U.S. markets close in 5 hours 15 minutes
  • S&P 500

    3,759.18
    -66.15 (-1.73%)
     
  • Dow 30

    30,431.33
    -665.93 (-2.14%)
     
  • Nasdaq

    11,068.34
    -59.50 (-0.53%)
     
  • Russell 2000

    1,694.10
    -33.66 (-1.95%)
     
  • Crude Oil

    103.01
    -5.42 (-5.00%)
     
  • Gold

    1,771.70
    -29.80 (-1.65%)
     
  • Silver

    19.26
    -0.41 (-2.07%)
     
  • EUR/USD

    1.0257
    -0.0167 (-1.60%)
     
  • 10-Yr Bond

    2.8270
    -0.0620 (-2.15%)
     
  • GBP/USD

    1.1950
    -0.0154 (-1.27%)
     
  • USD/JPY

    135.9710
    +0.3110 (+0.23%)
     
  • BTC-USD

    19,546.03
    +2.96 (+0.02%)
     
  • CMC Crypto 200

    423.89
    -16.13 (-3.67%)
     
  • FTSE 100

    7,045.00
    -187.65 (-2.59%)
     
  • Nikkei 225

    26,423.47
    +269.66 (+1.03%)
     
  • Oops!
    Something went wrong.
    Please try again later.
  • Oops!
    Something went wrong.
    Please try again later.
  • Oops!
    Something went wrong.
    Please try again later.
  • Oops!
    Something went wrong.
    Please try again later.
  • Oops!
    Something went wrong.
    Please try again later.
  • Oops!
    Something went wrong.
    Please try again later.

Inflation: 'There's certainly a pathway towards a soft landing,' portfolio manager says

In this article:
  • Oops!
    Something went wrong.
    Please try again later.
  • Oops!
    Something went wrong.
    Please try again later.
  • Oops!
    Something went wrong.
    Please try again later.
  • Oops!
    Something went wrong.
    Please try again later.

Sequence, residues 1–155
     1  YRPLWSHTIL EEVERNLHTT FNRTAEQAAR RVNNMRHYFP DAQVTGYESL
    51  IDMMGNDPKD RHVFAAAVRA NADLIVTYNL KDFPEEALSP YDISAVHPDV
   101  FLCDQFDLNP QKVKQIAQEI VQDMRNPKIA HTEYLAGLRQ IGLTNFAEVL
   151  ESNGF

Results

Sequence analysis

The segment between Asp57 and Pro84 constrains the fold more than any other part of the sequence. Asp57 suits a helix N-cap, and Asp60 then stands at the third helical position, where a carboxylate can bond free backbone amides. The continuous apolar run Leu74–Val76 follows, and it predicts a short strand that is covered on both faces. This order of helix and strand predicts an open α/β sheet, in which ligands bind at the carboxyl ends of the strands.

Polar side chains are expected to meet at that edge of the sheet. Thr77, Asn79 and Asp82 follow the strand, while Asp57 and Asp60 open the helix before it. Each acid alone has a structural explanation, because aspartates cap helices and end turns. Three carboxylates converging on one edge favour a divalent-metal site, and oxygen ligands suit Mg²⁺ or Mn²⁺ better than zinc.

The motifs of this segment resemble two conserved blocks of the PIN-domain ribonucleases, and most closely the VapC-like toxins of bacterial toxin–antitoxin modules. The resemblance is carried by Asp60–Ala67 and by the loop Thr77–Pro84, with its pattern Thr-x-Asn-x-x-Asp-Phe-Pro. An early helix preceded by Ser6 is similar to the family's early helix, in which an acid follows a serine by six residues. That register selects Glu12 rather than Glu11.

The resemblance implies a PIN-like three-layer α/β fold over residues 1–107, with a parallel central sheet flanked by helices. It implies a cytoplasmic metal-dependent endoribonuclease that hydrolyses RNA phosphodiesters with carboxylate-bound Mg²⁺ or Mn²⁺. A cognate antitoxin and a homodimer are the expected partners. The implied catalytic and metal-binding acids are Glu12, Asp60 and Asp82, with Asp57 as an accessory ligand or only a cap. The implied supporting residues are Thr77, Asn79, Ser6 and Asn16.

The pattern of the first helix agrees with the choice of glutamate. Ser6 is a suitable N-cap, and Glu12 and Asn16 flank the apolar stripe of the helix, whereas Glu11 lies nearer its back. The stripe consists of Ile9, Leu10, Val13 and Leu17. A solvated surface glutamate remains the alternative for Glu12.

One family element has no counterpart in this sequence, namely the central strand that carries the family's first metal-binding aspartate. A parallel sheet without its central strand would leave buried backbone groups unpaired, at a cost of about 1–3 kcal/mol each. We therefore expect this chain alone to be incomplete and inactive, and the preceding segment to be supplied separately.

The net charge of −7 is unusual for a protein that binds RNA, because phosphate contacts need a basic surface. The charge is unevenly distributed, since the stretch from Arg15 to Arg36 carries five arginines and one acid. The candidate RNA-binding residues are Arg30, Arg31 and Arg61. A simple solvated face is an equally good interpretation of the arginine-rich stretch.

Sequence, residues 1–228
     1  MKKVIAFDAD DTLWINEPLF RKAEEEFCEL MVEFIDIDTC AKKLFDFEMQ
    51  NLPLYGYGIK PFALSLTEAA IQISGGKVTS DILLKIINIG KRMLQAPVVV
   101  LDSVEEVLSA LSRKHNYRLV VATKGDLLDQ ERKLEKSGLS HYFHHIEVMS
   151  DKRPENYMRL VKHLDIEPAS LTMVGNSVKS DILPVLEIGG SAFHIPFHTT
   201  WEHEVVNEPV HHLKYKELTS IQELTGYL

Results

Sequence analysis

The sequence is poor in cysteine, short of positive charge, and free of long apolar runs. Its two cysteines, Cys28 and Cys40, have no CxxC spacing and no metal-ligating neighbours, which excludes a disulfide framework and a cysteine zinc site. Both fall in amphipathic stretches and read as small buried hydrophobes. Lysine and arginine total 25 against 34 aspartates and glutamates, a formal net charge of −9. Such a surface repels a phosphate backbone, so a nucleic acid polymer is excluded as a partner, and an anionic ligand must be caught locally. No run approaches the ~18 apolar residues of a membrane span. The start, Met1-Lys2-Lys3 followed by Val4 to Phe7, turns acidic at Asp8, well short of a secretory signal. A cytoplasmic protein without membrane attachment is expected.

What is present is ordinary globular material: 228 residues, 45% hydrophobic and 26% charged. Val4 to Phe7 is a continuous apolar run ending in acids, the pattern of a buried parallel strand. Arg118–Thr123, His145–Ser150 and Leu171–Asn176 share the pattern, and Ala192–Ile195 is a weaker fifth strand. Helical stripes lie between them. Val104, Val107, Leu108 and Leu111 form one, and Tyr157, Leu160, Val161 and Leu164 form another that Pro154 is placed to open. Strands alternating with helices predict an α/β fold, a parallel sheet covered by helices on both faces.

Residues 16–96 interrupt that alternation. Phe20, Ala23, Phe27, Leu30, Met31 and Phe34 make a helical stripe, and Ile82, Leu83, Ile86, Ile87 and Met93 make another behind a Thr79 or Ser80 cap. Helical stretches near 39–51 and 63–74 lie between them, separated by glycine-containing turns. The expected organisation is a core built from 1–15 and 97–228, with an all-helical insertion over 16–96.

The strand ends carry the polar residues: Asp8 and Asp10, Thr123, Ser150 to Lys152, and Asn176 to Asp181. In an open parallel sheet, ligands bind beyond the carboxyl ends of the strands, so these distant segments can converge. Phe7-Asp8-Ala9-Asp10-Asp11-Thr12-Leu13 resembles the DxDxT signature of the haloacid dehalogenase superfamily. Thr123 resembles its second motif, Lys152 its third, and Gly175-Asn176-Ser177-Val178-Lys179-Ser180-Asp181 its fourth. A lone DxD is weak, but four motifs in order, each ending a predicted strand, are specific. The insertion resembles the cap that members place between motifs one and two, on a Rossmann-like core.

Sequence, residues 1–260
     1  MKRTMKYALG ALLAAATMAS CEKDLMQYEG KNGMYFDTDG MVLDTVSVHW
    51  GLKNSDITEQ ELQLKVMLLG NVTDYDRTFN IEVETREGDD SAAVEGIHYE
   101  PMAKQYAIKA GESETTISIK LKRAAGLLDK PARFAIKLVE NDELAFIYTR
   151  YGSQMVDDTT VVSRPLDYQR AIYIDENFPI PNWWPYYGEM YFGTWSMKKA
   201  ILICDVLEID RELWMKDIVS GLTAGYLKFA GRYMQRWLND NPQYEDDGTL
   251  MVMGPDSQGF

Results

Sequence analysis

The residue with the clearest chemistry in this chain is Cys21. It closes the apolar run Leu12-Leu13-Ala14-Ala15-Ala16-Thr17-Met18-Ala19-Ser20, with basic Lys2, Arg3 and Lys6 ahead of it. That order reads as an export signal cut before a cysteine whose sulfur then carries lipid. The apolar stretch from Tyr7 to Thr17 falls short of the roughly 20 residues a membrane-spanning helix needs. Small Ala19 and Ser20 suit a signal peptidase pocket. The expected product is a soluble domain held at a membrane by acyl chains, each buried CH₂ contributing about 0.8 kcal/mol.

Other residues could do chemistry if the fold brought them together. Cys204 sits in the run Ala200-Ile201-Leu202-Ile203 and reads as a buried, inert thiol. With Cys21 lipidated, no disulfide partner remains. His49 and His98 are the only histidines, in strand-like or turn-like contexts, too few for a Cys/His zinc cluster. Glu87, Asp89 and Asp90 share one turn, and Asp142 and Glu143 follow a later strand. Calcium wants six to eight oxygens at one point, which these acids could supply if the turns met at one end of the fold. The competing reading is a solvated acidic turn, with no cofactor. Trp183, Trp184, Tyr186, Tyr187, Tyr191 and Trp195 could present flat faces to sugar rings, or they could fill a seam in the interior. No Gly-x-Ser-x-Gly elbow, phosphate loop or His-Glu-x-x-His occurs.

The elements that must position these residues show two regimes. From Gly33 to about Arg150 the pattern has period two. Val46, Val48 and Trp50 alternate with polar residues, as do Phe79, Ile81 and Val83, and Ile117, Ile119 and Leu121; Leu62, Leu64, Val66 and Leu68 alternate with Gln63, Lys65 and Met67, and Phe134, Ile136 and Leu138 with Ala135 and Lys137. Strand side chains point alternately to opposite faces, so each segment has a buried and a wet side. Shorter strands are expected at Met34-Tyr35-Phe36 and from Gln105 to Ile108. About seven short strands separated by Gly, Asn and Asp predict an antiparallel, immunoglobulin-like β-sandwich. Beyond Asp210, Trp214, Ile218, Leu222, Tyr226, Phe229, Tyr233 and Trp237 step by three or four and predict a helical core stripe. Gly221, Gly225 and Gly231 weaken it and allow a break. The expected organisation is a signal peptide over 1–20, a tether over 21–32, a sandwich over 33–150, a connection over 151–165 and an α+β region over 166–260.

• Oops!
    Something went wrong.
    Please try again later.
  • Oops!
    Something went wrong.
    Please try again later.

PIMCO Managing Director and Portfolio Manager Sonali Pier sits down with Yahoo Finance Live to talk about how Americans are spending their money amid inflation, the Fed's interest rate hikes, recession worries, and retailers.

Video Transcript

- All right, well, let's break down some of this market action now with our guest, Sonali Pier, PIMCO's Managing Director and Portfolio Manager. Thank you for joining us today. So, as we see, obviously, what the story was at the beginning of the day versus where we are now in positive territory for the major indices, what are you attributing this to?

SONALI PIER: Yeah, first, thank you for having me. You know, we started the day weaker, as we saw. Many retailers starting to cut as a result of building inventories. Now, many of these retailers had originally ordered a lot of the products that were working during COVID, meaning with work from home, athleisure, home goods, whereas trends are starting to shift more towards, for example, within retail, clothes to wear to work and to go out in. And that was what originally brought us down. And we're starting to trend back up now.

- Sonali, the number one thing on a lot of investors' minds right now is inflation. We're going to get that CPI print on Friday. Wall Street is expecting inflation to remain elevated. We heard from Treasury Secretary Janet Yellen today in her Senate testimony and she was saying that she expects inflation to remain high. What are you anticipating that we'll see?

SONALI PIER: We also are expecting a pretty strong print from Friday's CPI. While inflation has been accelerating in 2Q, we are starting to see, though, a shift away from goods. So, goods have been part of the problem. But hopefully that will be an indicator as we shift more toward services that will help inflation abate some over the longer term. That said, we still think that we will overshoot the Fed's 2% inflation target even through year end.